After the war, in 1948, the National Party swept back to power under the leadership of a Dutch Reformed Minister DF Malan. Smuts died two years later. Malan articulated a systematic policy of Afrikaner nationalism called 'apartheid'. There would be 'separate development' for the races. Whites would be the ruling class. In 1949 mixed race marriage was outlawed. The suburbs and land of the country was divided into (unequal) 'group areas'. Race was defined by the Population Registration Act, by which all South Africans were classified and identified. Homelands were established for blacks, according to old ethnic divisions, under 'white guardianship'. Pass laws were tightened and harshly enforced to restrict black access outside the homelands.

The minister of Native Affairs, and from 1958, Prime Minister, was Hendrik Frensch Verwoerd. Dutch by birth, he was educated in Freiburg, Germany, in the 1930s. During the war he promoted Nazi propaganda in South Africa. Unusually intelligent and imperious, he believed in apartheid not merely as a policy for Afrikaner upliftment, but as an ideology. He drove through apartheid policies and presided over their relentless implementation on the black population. His Bantu Education Act made it very plain blacks should not be educated 'above the level of certain forms of labour'.

Most disconcertingly, Verwoerd's passion for apartheid - and his lasting impact - was not to promote or defend it as a self-serving policy, but as a positive ideology. With religious overtones and fervour, he communicated this and inspired a too-willing white population to embrace apartheid as a logical and moral solution to race relations. Verwoerd inculcated in South Africans a belief that those who opposed apartheid or criticised it either misunderstood the policy or were dangerous communists.

Verwoerd's grand plan was simple. Under white leadership the homelands would be lead towards 'self-determination' and enjoy 'separate freedoms'. The separated tribes would become nations and ultimately, there would be no such thing as a 'black South African', instead white South Africa would give leadership to various small black states south of the Limpopo River. This he proposed would be for the good of all and promote black development.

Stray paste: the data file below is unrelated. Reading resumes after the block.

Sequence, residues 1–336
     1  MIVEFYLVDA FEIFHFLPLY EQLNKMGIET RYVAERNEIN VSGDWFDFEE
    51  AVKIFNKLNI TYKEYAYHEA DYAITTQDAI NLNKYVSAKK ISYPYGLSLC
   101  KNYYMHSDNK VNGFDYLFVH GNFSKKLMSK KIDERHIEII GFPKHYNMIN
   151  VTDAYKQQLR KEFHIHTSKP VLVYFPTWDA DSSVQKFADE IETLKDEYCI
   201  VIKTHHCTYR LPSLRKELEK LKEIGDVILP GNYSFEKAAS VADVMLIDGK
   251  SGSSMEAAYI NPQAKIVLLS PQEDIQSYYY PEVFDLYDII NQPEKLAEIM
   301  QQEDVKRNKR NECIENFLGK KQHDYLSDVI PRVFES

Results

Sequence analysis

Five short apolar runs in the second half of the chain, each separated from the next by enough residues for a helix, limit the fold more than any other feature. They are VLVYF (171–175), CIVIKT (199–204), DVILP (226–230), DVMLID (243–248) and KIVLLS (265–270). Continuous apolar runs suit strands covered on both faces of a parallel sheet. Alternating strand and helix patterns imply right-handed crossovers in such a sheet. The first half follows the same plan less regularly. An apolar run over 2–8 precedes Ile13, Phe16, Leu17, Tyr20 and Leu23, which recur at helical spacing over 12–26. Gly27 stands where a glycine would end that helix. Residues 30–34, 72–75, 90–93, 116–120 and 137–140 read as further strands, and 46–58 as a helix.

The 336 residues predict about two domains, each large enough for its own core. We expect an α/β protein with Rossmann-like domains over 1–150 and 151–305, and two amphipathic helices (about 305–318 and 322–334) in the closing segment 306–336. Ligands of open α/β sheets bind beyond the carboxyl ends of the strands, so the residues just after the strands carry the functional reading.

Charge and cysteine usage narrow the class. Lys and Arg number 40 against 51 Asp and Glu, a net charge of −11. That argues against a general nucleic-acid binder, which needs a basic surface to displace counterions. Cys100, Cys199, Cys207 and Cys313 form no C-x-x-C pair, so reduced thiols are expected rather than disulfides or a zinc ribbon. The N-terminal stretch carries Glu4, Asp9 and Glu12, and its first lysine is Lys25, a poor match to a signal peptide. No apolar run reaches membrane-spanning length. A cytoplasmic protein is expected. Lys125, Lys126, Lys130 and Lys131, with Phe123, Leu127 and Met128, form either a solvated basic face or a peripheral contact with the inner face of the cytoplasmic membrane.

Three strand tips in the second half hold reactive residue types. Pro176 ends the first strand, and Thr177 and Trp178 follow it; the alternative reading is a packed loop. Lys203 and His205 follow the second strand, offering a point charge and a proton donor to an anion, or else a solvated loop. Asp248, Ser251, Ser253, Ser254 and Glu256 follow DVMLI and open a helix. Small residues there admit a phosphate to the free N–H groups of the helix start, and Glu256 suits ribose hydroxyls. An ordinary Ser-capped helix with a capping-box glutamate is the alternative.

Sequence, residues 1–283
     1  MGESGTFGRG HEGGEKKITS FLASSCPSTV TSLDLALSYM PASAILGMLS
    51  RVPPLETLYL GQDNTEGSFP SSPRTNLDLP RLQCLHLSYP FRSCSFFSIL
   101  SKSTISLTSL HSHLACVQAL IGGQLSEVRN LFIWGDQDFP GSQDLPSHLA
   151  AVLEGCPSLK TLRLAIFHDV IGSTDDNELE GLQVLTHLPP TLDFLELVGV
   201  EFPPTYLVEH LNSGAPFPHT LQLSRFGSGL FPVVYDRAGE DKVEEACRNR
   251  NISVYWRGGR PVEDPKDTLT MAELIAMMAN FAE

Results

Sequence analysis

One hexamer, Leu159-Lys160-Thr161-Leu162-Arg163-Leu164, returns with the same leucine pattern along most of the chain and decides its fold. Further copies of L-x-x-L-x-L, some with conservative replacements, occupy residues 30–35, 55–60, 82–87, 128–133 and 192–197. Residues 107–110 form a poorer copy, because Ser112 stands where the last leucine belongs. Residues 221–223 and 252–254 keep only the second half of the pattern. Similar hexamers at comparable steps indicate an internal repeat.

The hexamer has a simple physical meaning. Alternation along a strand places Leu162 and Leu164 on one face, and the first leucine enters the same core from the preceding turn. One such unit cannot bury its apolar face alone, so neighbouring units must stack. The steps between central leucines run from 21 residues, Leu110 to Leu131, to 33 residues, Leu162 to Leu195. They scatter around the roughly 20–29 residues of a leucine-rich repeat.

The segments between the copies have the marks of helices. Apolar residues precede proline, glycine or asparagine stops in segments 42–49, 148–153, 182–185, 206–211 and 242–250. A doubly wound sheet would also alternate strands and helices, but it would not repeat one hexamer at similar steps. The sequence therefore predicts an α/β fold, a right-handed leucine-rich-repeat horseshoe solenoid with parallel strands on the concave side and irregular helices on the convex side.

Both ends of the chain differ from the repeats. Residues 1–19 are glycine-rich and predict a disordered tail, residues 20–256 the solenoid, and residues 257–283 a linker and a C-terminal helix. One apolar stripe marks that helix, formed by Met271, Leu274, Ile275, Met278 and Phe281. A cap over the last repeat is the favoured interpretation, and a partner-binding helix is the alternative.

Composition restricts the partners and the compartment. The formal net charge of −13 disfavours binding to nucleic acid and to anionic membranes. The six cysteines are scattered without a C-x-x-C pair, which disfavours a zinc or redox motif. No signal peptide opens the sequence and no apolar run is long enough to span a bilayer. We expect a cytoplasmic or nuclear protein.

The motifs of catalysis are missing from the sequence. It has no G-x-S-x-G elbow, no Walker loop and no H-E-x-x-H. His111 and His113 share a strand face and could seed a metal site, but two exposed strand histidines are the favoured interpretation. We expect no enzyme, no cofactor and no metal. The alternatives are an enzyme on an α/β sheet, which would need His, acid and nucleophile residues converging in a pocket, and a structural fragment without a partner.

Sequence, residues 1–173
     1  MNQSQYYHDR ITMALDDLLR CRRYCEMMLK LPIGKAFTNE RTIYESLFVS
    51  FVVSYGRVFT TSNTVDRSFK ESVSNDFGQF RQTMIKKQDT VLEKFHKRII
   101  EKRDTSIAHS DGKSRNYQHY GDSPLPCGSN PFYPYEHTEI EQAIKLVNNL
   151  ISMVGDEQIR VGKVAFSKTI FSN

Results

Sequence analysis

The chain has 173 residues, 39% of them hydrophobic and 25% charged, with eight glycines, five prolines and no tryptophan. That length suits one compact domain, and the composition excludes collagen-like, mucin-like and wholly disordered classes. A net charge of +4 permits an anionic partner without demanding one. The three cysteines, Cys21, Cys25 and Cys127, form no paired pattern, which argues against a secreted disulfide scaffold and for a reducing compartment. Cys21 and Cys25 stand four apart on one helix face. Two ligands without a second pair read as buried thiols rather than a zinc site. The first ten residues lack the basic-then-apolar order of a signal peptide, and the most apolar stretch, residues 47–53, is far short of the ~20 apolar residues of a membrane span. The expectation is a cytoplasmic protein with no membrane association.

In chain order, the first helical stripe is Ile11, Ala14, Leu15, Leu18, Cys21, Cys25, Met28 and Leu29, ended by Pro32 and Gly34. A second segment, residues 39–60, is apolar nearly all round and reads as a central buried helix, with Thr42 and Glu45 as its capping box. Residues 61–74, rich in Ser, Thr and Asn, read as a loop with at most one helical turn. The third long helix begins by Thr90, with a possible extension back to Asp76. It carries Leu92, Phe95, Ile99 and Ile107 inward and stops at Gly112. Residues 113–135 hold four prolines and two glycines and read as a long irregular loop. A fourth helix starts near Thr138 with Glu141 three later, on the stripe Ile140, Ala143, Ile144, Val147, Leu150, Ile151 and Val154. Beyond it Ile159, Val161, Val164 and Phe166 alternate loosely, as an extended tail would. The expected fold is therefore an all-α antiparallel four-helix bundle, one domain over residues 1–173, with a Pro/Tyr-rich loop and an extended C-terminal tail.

Thus, with zeal, Verwoerd pursued systematic apartheid. Every bench, beach, park, toilet, sports team was categorised by race group. Areas like Sophiatown - reclassified white - were destroyed and their residents hauled off in trucks. Protestors were met with violence. In march 1960, in Sharpeville, an anti pass-law demonstration was shot at by police. 69 were killed (mostly from behind) and 180 wounded. The ANC and other organisations were banned. Detention without trial was introduced - first of 90 days and then 180 days. Verwoerd pressed on, ultimately 317 statutory restrictions were introduced based on pigmentation. He also broke links with Britain and declared South Africa a Republic in 1961.

Donald Woods, the South African editor, described Verwoerd as 'courteous, friendly, smiling' but beneath 'there was a chilling madness in his demeanour'. Harold Macmillan - whose speech 'the Winds of Change' in the Cape parliament fell on deaf ears - stayed several days with Verwoerd prior to the great speech. 'I have seldom met a couple with greater charm than Dr Verwoerd and his wife' he wrote, but he also discovered that under Verwoerd's 'calm and measured tone' and 'his charming smile, his courtesy, his willingness to expound his views' he found 'nothing one could say.. would have the smallest effect upon the views of this determined man.. here it was a blank wall.' Macmillan continued 'I began to realise to the fullest extent the degree of obstinacy, amounting really to fanaticism.. apartheid to him was more than a political philosophy, it was a religion; a religion based on the Old Testament rather than the New.. he was convinced {that} he alone could be right, and that there was no question of argument but merely a statement of his will.'

Verwoerd survived as assassination attempt in 1960 (which helped to deify him further) but was killed by a Greek immigrant in 1966. His spirit, however, lived on for twenty years, inspiring his successors, the devious John Vorster, and the crude rule of PW Botha. More than that, it lived on in the hearts of many white South Africans until FW de Klerk undid their faith in the 1990s. This obstinate spirit was characterised by a sense of self-righteousness, being misunderstood by the outside world and anger against black resistance to their 'guardianship'. All of this translated into violence under the guise of civilised law enforcement, which drove black leaders into exile and the ruthless quenching of any internal opposition. Protestors were bludgeoned and many activists died mysterious deaths in 'detention' supposedly 'slipping on soap'. Only recently have the true stories begun to emerge.